I Wake with Eyes the Sound of Nectarines
Author: Annie Grizzle
Publisher: Users Americanus Press (2023)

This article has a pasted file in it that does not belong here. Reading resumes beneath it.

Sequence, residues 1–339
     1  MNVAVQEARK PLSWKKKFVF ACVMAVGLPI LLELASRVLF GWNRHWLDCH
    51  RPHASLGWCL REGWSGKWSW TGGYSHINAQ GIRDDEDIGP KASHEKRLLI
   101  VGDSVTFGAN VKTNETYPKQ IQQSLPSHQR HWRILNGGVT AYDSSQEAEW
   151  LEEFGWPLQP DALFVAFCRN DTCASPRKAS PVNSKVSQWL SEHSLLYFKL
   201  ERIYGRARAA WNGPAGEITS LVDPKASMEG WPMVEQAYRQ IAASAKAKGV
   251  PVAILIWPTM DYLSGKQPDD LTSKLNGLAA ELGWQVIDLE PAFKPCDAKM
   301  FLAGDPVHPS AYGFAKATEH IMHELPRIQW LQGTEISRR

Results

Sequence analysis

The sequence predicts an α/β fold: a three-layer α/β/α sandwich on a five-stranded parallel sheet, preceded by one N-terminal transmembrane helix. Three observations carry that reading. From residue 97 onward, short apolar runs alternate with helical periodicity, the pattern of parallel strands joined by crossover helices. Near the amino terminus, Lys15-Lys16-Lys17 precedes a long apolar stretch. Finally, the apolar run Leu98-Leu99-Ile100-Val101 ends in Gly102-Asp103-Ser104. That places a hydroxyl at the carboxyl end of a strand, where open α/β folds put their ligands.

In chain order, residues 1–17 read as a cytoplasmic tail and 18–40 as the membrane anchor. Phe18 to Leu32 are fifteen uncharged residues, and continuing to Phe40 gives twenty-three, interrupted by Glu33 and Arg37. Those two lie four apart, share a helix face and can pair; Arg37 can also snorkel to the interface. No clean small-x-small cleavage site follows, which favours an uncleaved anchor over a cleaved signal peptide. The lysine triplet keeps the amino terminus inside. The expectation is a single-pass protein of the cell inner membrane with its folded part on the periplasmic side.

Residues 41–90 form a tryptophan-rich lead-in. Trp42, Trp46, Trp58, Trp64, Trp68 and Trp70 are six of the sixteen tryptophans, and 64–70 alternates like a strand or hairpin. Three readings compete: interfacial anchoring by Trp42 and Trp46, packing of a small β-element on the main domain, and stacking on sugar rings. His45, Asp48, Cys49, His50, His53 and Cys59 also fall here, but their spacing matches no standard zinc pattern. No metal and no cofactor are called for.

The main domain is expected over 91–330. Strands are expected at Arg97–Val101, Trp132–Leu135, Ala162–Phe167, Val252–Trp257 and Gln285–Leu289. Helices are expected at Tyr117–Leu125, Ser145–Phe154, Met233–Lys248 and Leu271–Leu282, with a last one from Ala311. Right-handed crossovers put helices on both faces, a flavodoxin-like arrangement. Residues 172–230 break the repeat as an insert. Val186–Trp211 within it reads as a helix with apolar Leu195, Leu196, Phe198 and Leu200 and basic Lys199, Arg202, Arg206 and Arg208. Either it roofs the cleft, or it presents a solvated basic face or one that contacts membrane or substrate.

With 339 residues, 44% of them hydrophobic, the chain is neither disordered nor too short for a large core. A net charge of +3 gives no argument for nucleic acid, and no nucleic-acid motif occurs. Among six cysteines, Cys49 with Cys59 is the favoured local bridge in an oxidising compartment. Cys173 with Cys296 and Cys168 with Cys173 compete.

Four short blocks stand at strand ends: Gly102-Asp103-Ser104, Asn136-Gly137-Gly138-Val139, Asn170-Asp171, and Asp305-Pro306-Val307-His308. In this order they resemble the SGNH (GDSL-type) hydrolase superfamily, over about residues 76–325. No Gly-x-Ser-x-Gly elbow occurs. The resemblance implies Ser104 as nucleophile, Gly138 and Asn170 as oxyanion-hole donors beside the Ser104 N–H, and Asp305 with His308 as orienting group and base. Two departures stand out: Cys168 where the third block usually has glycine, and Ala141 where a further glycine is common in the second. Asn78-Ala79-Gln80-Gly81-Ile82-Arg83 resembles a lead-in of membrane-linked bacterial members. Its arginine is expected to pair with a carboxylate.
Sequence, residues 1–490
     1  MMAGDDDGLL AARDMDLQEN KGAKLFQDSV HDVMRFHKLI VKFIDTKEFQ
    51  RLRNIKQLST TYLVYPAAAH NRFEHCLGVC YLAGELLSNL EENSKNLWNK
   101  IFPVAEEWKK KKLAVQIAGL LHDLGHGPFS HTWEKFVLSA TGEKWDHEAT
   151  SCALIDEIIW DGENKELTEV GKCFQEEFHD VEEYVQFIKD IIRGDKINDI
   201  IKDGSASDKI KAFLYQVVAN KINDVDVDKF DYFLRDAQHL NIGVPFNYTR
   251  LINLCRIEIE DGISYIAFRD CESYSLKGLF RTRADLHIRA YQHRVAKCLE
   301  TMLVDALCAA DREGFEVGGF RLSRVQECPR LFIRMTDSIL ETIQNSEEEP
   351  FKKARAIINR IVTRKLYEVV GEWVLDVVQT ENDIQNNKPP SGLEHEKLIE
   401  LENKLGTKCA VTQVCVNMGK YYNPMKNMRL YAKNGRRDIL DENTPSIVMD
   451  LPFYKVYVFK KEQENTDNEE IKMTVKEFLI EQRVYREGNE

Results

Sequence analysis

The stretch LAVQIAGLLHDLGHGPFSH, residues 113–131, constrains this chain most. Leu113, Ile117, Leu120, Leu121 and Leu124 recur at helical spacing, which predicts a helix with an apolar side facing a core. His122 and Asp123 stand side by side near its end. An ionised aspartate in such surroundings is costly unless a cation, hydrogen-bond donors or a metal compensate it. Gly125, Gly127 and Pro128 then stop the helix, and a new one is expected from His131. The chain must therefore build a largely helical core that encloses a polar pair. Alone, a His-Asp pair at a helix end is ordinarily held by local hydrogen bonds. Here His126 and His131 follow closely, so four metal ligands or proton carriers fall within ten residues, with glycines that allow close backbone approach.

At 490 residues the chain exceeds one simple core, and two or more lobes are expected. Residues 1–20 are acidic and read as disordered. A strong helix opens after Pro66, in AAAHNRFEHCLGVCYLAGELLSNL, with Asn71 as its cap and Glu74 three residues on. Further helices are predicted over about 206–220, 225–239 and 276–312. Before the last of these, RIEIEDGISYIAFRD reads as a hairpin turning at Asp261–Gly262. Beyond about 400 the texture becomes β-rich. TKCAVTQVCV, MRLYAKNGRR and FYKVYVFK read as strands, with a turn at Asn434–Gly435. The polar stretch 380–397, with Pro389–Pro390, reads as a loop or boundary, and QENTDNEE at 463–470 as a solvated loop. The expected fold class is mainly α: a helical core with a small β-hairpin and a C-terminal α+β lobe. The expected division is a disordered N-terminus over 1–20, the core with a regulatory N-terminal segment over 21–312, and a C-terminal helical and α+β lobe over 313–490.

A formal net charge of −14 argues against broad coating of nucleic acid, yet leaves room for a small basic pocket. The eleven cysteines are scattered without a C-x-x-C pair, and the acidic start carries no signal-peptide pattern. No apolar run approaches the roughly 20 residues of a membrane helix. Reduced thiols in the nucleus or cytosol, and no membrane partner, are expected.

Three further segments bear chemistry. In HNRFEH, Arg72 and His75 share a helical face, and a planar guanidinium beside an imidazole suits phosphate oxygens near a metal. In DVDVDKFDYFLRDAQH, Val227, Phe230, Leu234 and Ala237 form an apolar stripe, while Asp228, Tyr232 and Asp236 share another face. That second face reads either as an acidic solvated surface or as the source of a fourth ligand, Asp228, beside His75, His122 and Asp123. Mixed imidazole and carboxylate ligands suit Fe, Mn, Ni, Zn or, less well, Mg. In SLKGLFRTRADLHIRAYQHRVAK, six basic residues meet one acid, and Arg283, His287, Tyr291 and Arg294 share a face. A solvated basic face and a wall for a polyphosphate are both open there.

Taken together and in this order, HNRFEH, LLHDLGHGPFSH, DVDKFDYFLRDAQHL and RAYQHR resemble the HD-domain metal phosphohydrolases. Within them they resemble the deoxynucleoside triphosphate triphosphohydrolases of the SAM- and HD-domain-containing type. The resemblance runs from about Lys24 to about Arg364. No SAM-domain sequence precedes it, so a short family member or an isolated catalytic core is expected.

Language we know is somatic and yet this fact often eludes us. In Annie Grizzle’s I Wake with Eyes the Sound of Nectarines, we are bluntly confronted by the compulsion and confusion of a word’s becoming, first as body, then as breath, and ultimately as sound. It is this vibrational process that Grizzle, in kinship with the poetics of Charles Olson and Theresa Hak Kyung Cha, explores most evocatively. “Am I not vibration?” Grizzle asks the reader, “standing before you, humming my mush,” and we, too, feel compelled to examine our own mushiness like a primordial call and response. Listen, it’s 2023. The fads of Deconstruction are tacky compared to the neural networks of mycelium or the incandescent songs of sperm whales. Meaning is a byproduct, but sound is an essence. Grizzle’s work invigorates us toward the essential and sloughs the hermeneutic nastiness that eventually becomes ideology. Read this book the same way you would a lemon, or a river, or a cicada obscured by an elm. “The HEART, by way of the BREATH, to the LINE,” Olson asserts in his essay “Projective Verse.” We suggest trying it both ways.